Cardiac catheterization - discharge
Cardiac catheterization involves passing a thin flexible tube (catheter) into the right or left side of the heart. The catheter is most often inserted from the groin or the arm. This article discusses how to care for yourself when you leave the hospital.
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When You're in the Hospital
A catheter was inserted into an artery in your groin or arm. Then it was carefully guided up to your heart. Once it reached your heart, the catheter was placed into the arteries that deliver blood to your heart. Then contrast dye was injected. The dye allowed your doctor to see any areas in your coronary arteries that were blocked or narrowed.
If you had a blockage, you may have had angioplasty and a stent placed in your heart during the procedure.
What to Expect at Home
You may feel pain in your groin or arm where the catheter was placed. You may also have some bruising around and below the incision that was made to insert the catheter.
In general, people who have angioplasty can walk around within 6 hours after the procedure. Complete recovery takes a week or less. Keep the area where the catheter was inserted dry for 24 to 48 hours. If the catheter was inserted into your arm, recovery is often faster.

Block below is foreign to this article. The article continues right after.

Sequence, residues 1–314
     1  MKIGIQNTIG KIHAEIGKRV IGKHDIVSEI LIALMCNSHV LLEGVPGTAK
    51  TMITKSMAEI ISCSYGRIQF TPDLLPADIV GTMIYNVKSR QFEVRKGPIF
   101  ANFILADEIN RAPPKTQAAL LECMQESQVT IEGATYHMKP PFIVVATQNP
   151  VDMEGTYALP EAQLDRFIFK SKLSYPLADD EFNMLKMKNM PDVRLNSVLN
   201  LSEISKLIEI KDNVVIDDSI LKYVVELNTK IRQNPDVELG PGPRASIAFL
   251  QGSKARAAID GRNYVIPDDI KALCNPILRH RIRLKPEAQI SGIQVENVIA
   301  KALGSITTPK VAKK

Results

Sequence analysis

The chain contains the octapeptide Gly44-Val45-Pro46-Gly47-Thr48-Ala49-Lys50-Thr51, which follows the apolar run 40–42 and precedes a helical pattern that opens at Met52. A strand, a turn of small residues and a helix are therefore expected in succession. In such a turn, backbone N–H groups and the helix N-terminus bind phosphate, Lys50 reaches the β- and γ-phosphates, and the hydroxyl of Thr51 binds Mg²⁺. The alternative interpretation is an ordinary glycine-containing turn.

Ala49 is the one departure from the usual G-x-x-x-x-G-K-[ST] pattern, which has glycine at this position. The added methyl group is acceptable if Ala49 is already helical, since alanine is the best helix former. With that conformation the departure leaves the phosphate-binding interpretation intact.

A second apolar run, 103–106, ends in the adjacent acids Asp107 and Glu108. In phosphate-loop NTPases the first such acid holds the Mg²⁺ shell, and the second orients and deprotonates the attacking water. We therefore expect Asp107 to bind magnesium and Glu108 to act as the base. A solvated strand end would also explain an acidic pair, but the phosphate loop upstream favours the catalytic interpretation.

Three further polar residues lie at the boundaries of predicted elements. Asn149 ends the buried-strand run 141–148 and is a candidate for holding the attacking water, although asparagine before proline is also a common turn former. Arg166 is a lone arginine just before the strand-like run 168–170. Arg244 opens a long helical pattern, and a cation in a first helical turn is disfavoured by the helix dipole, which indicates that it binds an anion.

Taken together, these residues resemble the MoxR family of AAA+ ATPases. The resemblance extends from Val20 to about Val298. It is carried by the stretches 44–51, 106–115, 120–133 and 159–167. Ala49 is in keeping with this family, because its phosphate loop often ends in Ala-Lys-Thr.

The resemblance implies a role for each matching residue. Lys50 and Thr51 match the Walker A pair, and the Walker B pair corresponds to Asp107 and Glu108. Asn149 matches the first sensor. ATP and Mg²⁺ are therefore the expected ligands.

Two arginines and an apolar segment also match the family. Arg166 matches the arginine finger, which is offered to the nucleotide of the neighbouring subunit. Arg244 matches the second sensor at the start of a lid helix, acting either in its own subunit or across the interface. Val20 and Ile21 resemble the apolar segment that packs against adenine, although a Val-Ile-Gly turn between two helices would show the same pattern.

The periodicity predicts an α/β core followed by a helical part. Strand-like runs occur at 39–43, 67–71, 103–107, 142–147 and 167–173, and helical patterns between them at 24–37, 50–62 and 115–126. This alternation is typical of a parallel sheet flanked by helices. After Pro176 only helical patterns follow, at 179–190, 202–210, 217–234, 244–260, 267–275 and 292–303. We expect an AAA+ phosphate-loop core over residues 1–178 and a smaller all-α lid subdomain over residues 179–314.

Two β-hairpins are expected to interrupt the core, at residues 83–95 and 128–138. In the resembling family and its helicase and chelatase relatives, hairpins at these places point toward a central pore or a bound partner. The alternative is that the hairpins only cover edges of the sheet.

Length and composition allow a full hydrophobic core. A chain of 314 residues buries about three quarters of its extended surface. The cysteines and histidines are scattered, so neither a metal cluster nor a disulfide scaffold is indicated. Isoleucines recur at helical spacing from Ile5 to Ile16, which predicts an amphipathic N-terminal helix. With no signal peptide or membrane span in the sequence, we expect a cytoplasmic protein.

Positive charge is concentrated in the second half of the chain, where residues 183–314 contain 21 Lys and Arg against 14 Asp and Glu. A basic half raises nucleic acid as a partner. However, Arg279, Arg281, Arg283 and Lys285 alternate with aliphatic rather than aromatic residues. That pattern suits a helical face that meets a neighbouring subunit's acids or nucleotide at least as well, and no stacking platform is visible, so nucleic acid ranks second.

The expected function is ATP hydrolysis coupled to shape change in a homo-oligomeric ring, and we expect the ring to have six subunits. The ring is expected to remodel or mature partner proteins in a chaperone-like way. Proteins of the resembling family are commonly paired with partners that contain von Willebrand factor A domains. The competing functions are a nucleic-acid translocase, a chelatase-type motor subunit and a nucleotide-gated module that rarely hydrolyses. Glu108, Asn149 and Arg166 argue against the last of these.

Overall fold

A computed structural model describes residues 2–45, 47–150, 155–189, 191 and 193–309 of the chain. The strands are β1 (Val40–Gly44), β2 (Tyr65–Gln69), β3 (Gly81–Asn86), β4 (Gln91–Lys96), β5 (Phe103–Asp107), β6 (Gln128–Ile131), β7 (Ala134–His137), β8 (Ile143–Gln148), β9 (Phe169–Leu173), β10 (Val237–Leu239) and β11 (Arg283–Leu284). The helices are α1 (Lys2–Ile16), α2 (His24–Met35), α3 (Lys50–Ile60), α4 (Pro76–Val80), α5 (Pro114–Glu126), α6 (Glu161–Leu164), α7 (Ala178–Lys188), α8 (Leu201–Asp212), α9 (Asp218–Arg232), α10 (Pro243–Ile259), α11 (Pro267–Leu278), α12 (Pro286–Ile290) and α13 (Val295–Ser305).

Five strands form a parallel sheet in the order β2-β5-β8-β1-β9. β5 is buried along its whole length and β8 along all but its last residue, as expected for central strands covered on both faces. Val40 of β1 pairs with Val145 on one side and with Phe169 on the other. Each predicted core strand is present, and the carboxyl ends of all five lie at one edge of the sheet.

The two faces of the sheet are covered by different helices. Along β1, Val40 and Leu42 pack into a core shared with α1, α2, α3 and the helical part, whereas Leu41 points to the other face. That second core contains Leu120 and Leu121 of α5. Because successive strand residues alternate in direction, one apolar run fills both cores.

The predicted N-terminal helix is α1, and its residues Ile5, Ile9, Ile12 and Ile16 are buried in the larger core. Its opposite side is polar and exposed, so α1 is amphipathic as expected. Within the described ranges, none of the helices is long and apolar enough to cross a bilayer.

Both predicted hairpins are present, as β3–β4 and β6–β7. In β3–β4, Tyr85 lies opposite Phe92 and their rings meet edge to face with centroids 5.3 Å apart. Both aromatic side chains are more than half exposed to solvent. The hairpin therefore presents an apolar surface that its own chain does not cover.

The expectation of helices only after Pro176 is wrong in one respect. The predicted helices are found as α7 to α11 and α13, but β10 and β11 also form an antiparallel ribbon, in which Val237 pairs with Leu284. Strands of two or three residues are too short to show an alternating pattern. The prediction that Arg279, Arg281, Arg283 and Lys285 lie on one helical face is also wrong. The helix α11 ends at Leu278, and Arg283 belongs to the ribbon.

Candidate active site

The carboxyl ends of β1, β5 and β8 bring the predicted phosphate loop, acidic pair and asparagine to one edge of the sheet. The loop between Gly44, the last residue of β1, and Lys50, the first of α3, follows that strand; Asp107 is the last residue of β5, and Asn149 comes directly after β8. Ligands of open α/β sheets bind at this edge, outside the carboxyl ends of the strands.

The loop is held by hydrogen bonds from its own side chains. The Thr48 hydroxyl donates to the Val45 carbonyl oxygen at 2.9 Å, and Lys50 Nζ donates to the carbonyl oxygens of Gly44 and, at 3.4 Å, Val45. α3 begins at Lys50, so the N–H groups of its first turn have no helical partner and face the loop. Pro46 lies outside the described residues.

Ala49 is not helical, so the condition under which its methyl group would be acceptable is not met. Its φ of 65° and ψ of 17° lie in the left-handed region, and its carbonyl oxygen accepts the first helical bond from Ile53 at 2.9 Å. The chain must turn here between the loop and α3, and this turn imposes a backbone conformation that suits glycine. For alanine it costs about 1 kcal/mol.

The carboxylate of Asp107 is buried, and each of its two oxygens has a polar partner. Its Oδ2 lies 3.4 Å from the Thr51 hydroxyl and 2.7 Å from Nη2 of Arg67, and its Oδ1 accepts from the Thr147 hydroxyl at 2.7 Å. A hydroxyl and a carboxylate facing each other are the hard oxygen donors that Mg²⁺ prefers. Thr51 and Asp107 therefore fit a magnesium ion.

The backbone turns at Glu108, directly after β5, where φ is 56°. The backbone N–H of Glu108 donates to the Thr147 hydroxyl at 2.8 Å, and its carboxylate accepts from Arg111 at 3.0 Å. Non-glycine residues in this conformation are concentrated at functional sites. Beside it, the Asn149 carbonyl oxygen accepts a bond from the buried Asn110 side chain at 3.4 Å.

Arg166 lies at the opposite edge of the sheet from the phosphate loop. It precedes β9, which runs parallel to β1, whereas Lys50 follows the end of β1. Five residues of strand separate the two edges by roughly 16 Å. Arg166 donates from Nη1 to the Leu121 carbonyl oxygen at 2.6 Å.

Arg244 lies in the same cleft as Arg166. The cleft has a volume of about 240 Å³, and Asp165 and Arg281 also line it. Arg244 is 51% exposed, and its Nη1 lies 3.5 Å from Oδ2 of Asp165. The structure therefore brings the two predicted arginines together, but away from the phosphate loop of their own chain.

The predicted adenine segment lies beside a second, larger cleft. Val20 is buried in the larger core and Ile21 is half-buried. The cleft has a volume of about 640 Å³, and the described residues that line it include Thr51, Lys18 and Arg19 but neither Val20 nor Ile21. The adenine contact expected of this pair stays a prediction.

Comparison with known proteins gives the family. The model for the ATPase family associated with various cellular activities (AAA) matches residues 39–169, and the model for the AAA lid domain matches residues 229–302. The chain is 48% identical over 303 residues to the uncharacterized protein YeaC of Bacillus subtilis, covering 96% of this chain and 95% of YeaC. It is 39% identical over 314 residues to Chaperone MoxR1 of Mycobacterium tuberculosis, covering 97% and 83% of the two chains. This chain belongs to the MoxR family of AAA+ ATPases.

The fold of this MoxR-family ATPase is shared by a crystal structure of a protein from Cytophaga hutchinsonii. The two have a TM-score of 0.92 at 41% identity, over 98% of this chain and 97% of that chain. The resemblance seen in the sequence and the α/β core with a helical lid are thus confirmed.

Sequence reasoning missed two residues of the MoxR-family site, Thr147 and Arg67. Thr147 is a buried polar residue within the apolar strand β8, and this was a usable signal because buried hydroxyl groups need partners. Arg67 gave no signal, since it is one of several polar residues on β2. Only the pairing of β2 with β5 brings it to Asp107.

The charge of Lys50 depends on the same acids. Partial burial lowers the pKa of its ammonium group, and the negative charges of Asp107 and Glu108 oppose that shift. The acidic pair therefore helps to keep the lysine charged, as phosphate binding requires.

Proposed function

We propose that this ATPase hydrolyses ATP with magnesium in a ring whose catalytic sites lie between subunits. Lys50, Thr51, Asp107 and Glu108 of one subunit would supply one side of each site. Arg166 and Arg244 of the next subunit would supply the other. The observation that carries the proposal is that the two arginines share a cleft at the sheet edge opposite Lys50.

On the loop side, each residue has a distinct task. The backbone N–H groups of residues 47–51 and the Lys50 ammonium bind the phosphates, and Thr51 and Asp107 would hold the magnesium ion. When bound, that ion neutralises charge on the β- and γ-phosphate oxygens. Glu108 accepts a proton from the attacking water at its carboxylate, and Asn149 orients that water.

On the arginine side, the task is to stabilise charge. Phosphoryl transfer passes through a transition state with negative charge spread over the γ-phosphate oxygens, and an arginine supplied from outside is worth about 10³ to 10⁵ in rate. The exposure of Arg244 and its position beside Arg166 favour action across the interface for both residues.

If the doctor put the catheter in through your groin:
If the doctor put the catheter in your arm:
For a catheter in your groin or arm:
You will need to take care of your incision.
Many people take aspirin, often with another medicine such as clopidogrel (Plavix), prasugrel (Efient), or ticagrelor (Brilinta), after this procedure. These medicines are blood thinners, and they keep your blood from forming clots in your arteries and stent. A blood clot can lead to a heart attack. Take the medicines exactly as your provider tells you. DO NOT stop taking them without talking to your provider.
You should eat a heart-healthy diet, exercise, and follow a healthy lifestyle. Your provider can refer you to other health experts who can help you learn about exercise and healthy foods that will fit into your lifestyle.
When to Call the Doctor
Call your provider if:
Mauri L, Bhatt DL. Percutaneous coronary intervention. In: Mann DL, Zipes DP, Libby P, Bonow RO, Braunwald E, eds. Braunwald's Heart Disease: A Textbook of Cardiovascular Medicine. 10th ed. Philadelphia, PA: Elsevier Saunders; 2015:chap 55.
Vandvik PO, Lincoff AM, Gore JM, et al. Primary and secondary prevention of cardiovascular disease: antithrombotic therapy and prevention of thrombosis. 9th ed. American College of Chest Physicians Evidence-Based Clinical Practice Guidelines. Chest. 2012;141(2 Suppl):e637S-e668S. PMID: 22315274 www.ncbi.nlm.nih.gov/pubmed/22315274.
Review Date: 8/2/2016
Reviewed By: Michael A. Chen, MD, PhD, Associate Professor of Medicine, Division of Cardiology, Harborview Medical Center, University of Washington Medical School, Seattle, WA. Also reviewed by David Zieve, MD, MHA, Isla Ogilvie, PhD, and the A.D.A.M. Editorial team.
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